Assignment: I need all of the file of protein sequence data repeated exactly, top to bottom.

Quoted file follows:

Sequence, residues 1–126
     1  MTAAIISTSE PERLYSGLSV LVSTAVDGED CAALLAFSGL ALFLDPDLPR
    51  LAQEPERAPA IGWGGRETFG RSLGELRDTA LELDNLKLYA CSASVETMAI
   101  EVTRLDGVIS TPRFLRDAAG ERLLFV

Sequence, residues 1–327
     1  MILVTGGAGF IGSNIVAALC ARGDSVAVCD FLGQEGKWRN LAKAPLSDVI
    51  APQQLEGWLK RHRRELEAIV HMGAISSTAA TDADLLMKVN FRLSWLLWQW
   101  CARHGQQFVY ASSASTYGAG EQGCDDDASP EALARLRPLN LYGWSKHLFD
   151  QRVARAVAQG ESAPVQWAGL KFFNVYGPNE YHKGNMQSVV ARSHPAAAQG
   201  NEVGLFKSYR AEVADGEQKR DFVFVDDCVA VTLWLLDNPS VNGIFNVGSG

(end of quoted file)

Sequence, residues 1–126
     1  MTAAIISTSE PERLYSGLSV LVSTAVDGED CAALLAFSGL ALFLDPDLPR
    51  LAQEPERAPA IGWGGRETFG RSLGELRDTA LELDNLKLYA CSASVETMAI
   101  EVTRLDGVIS TPRFLRDAAG ERLLFV

Sequence, residues 1–327
     1  MILVTGGAGF IGSNIVAALC ARGDSVAVCD FLGQEGKWRN LAKAPLSDVI
    51  APQQLEGWLK RHRRELEAIV HMGAISSTAA TDADLLMKVN FRLSWLLWQW
   101  CARHGQQFVY ASSASTYGAG EQGCDDDASP EALARLRPLN LYGWSKHLFD
   151  QRVARAVAQG ESAPVQWAGL KFFNVYGPNE YHKGNMQSVV ARSHPAAAQG
   201  NEVGLFKSYR AEVADGEQKR DFVFVDDCVA VTLWLLDNPS VNGIFNVGSG